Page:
Fothergill Alice, Enrique G.M. Maestas and JoAnne DeRouen Darlington. 1999. “Race, Ethnicity and Disasters in the United States: A Review of the Literature.” Disasters 23, no. 2: 156-173. Accessed December 2, 2016. MEDLINE.

Gottzén, Lucas. 2013. Hjältar och monster - Samhällsvetenskapliga perspektiv på män och våld. Stockholm: Ungdomsstyrelsen. Accessed October 26, 2015.

Hultman, Martin. 2013. “The Making of an Environmental Hero: A History of Ecomodern Masculinity, Fuel Cells and Arnold Schwarzenegger.” Environmental Humanities 2: 79-99. Accessed October 16, 2015. Directory of Open Access Journals.

Kaijser, Anna and Annica Kronsell. 2014. ”Climate change through the lens of intersectionality.” Environmental Politics 23, no. 3 (May): 417-433. Accessed February 19, 2016.

MacGregor, Sherilyn. 2009. “A stranger silence still: the need for feminist social research on climate change.” Sociological Review Monograph 57, no. 2 (Oct): 124-140. Accessed October 23, 2015.

MacGregor, Sherilyn. 2010. ”‘Gender and climate change’: from impacts to discourses.” Journal of the Indian Ocean Region 6, no. 2: 223-238. Accessed October 5, 2016. /10.1080/19480881.2010.536669

Magnusdottir, Gunnhildur Lily and Annica Kronsell. 2015. “The (in)visibility of gender in Scandinavian climate policy-making.” International Feminist Journal of Politics 17, No. 2: 308-326. Accessed 2016-10-17.

Marx, Karl. 1887. Capital: A Critique of Political Economy. Volume 1. Edited with a Preface by Frederick [sic] Engels. Translated from the third German edition by Samuel Moore and Edward Bibbins Aveling. London.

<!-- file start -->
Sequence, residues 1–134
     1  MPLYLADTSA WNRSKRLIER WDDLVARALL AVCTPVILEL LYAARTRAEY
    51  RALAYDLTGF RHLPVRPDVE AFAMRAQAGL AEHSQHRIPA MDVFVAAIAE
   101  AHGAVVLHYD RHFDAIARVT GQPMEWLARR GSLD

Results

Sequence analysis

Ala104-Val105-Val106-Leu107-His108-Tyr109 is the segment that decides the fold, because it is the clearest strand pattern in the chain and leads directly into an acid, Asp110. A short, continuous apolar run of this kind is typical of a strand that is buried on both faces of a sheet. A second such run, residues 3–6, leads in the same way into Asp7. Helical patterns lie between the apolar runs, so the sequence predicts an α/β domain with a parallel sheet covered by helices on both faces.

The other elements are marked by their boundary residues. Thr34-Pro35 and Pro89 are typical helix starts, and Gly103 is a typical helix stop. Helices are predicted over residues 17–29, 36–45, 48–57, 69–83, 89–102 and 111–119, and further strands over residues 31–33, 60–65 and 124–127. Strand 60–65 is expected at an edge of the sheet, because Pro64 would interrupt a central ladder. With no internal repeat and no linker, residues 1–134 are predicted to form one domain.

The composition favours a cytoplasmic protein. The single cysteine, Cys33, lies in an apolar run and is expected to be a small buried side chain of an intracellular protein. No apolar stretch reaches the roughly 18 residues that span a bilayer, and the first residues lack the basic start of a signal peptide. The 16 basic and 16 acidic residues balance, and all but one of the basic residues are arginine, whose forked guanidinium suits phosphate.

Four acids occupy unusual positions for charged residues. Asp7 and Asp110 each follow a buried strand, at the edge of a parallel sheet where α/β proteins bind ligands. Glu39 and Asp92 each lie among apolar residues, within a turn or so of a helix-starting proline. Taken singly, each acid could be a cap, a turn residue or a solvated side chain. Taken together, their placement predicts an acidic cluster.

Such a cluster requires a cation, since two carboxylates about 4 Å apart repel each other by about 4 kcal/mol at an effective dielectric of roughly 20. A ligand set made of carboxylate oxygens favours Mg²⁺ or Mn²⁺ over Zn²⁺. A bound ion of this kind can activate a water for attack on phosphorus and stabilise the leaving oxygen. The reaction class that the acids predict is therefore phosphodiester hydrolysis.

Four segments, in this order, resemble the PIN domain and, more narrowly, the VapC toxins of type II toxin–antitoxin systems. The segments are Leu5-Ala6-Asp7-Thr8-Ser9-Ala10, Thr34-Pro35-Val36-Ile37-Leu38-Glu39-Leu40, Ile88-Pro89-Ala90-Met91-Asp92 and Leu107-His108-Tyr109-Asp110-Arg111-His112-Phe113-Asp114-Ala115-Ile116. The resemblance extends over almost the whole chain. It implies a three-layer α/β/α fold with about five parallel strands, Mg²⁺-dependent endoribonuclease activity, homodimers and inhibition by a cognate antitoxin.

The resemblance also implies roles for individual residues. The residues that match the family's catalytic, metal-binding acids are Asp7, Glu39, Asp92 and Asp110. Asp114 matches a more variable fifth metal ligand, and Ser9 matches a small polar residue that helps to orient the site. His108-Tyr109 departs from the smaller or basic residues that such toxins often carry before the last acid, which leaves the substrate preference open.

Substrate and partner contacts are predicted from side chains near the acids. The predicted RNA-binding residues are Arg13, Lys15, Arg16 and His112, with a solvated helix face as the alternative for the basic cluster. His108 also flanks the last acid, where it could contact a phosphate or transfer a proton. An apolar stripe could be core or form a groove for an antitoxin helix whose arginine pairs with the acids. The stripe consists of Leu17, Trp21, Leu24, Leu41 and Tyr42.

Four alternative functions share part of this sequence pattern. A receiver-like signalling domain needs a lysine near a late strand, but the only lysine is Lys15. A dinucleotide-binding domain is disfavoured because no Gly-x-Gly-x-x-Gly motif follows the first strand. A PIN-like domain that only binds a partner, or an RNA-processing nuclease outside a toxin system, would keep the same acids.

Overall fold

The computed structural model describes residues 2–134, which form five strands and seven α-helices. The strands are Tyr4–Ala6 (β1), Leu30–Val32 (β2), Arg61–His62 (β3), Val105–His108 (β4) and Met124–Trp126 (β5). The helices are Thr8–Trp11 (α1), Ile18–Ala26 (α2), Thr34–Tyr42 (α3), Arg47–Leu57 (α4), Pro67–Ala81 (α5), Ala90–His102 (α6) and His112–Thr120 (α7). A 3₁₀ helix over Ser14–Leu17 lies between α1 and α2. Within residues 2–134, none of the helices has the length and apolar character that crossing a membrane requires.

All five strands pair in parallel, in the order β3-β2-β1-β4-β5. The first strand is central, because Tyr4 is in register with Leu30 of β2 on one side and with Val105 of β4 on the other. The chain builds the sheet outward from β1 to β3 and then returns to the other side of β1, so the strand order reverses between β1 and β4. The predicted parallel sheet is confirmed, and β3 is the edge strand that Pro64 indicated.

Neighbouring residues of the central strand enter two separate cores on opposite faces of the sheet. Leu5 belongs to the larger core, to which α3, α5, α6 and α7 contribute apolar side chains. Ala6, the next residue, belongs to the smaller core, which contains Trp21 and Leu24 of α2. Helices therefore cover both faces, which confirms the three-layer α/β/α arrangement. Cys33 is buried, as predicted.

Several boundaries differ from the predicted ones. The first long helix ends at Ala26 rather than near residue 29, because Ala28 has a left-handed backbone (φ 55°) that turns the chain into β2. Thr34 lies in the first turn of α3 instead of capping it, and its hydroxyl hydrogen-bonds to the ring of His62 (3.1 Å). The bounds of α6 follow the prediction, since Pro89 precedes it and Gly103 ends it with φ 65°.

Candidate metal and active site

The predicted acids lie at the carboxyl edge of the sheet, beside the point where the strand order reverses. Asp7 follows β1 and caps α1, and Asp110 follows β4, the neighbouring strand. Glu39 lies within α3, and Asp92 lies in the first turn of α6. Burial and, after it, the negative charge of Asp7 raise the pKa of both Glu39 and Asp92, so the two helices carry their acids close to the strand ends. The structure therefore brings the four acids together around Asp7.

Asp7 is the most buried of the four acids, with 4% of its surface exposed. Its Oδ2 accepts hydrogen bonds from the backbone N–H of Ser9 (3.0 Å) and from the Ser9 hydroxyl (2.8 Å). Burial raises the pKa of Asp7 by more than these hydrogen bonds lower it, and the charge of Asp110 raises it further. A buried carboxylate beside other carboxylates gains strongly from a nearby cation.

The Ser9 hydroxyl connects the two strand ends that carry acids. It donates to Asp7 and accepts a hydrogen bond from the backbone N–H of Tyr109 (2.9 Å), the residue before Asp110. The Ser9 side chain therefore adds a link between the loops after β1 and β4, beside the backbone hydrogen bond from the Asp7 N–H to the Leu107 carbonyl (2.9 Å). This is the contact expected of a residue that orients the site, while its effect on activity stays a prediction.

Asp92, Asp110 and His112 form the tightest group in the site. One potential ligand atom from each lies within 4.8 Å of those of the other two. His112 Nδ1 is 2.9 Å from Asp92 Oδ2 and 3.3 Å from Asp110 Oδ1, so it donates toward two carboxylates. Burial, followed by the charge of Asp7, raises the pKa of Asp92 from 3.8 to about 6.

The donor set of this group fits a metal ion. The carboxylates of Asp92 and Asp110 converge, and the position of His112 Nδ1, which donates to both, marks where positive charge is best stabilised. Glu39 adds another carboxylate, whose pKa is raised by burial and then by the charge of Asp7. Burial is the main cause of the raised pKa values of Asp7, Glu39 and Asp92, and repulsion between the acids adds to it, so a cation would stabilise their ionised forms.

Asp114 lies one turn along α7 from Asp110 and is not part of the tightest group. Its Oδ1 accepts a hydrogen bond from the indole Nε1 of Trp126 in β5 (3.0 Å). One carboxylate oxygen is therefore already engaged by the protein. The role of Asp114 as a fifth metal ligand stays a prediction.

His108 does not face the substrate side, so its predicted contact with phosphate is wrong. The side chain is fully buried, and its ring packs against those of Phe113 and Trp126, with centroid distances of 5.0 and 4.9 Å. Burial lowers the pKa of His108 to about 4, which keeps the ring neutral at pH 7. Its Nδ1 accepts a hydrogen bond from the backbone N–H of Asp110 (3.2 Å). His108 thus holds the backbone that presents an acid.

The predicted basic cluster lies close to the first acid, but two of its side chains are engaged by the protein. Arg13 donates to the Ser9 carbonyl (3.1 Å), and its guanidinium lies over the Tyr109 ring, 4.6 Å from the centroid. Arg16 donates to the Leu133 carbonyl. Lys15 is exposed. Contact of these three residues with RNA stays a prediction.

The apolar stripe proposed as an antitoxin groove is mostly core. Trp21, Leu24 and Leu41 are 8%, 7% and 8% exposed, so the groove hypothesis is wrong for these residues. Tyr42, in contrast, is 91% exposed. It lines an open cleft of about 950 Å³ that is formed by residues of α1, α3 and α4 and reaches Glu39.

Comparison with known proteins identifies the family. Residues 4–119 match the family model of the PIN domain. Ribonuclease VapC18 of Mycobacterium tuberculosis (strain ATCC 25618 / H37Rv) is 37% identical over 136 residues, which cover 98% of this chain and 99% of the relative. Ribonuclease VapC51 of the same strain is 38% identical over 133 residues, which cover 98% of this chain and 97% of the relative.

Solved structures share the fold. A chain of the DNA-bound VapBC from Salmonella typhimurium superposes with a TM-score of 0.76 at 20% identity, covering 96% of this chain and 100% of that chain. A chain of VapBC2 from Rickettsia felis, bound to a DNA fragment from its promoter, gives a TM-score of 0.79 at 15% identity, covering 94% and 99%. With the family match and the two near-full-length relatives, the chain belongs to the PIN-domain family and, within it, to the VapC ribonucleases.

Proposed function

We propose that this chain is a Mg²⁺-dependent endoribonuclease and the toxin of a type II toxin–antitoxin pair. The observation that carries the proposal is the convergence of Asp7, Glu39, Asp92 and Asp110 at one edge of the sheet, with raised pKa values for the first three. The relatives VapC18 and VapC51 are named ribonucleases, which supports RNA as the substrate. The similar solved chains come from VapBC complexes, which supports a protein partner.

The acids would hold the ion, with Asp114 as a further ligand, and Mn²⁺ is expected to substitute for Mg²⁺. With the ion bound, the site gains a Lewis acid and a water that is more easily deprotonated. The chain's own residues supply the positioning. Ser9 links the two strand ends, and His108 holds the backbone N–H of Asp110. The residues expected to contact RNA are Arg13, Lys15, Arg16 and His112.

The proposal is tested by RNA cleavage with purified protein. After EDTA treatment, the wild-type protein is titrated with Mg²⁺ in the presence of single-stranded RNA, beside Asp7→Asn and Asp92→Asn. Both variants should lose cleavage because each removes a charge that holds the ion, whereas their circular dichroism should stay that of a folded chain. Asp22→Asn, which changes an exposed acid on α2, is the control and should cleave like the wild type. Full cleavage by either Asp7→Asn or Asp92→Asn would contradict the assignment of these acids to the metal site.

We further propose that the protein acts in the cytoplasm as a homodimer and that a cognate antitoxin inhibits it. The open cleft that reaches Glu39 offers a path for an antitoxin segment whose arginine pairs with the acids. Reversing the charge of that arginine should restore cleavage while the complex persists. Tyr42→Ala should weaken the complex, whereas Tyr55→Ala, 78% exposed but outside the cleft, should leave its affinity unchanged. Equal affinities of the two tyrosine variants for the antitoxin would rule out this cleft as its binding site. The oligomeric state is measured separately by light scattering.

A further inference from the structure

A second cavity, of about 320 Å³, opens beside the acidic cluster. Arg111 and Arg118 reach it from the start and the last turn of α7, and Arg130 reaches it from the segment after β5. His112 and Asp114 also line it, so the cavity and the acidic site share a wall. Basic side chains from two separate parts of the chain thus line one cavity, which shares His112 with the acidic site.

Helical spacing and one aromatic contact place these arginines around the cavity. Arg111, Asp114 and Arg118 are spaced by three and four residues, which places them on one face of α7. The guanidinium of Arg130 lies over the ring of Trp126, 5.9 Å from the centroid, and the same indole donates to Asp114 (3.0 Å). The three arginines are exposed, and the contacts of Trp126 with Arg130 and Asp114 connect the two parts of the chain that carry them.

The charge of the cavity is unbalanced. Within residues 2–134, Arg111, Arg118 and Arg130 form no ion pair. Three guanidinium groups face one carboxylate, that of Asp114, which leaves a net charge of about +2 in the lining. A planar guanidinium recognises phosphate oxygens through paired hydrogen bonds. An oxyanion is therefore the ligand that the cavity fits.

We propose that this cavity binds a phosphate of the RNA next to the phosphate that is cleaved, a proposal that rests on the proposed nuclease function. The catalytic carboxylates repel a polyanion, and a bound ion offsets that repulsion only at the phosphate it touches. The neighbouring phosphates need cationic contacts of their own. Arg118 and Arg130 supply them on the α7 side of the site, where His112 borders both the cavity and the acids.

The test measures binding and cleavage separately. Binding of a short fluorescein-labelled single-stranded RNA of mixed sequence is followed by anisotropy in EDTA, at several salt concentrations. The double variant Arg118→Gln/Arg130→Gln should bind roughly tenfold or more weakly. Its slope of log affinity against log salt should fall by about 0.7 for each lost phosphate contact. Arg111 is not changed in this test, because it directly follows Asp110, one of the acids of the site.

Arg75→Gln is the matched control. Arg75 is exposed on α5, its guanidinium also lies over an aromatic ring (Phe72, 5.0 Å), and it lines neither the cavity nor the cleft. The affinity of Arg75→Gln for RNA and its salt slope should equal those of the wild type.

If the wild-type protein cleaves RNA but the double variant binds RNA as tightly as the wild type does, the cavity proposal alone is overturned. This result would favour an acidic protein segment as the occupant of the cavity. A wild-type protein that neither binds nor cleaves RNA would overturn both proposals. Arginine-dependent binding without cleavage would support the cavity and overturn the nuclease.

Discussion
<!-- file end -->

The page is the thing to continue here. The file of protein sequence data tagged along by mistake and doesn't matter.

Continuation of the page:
Morioka, Rika. 2016. “Japanese Families Decoupling Following the Fukushima Nuclear Plant Disaster: Men’s Choice between Economic Stability and Radiation Exposure.” In Men, Masculinities and Disaster, edited by Elaine Enarson and Bob Pease, 103-114. Abingdon: Routledge.

Nelson, Valerie, Kate Meadows, Terry Cannon, John Morton and Adrienne Martin. 2002. “Uncertain Predictions, Invisible Impacts, and the Need to Mainstream Gender in Climate Change Adaptation.” Gender and Development 10, no. 2 (July): 51-59. Accessed February 22, 2016. JSTOR Journals.

OECD 2016. “Time use across the world.” Gender Data Portal. Accessed December 2, 2016.

Parkinson, Debra and Claire Zara. 2016. “Emotional and personal costs for men of the Black Saturday bushfires in Victoria, Australia.” In Men, Masculinities and Disaster, edited by Elaine Enarson and Bob Pease, 81-91. Abingdon: Routledge.

Pease, Bob. 2016. “Masculinism, climate change and “man-made” disasters: toward an environmental profeminist response.” In Men, Masculinities and Disaster, edited by Elaine Enarson and Bob Pease, 21-33. Abingdon: Routledge.

Plumwood, Val. 2002. Environmental Culture: The ecological crisis of reason. London: Routledge.

Russo, Chandra and Andrew Pattison. 2016. “Climate Action Planning (CAP) - An intersectional approach to the urban equity dilemma.” In Systemic Crisis of Global Climate Change - Intersections of race, class and gender, edited by Phoebe Godfrey and Denise Torres, 250-262. Abington: Routledge.

Terry, Geraldine. 2009. “No climate justice without gender justice: an overview of the issues.” Gender and Development 17, no. 1 (March): 5-18. Accessed February 22, 2016.

Titheridge H., N. Christie, R. Mackett, D. O. Hernández and R. Ye. 2014. Transport and Poverty - A review of the evidence. London: CL Transport Institute, University College London. Accessed December 2, 2016.

UNFCCC 2016. “Gender and Climate Change.” Accessed March 24, 2016.

Whitehead, Stephen M. 2002. Men and Masculinities. Cambridge: Polity Press.

World Economic Forum. 2016. The Global Gender Gap Report. Geneva: World Economic Forum. Accessed November 11, 2016.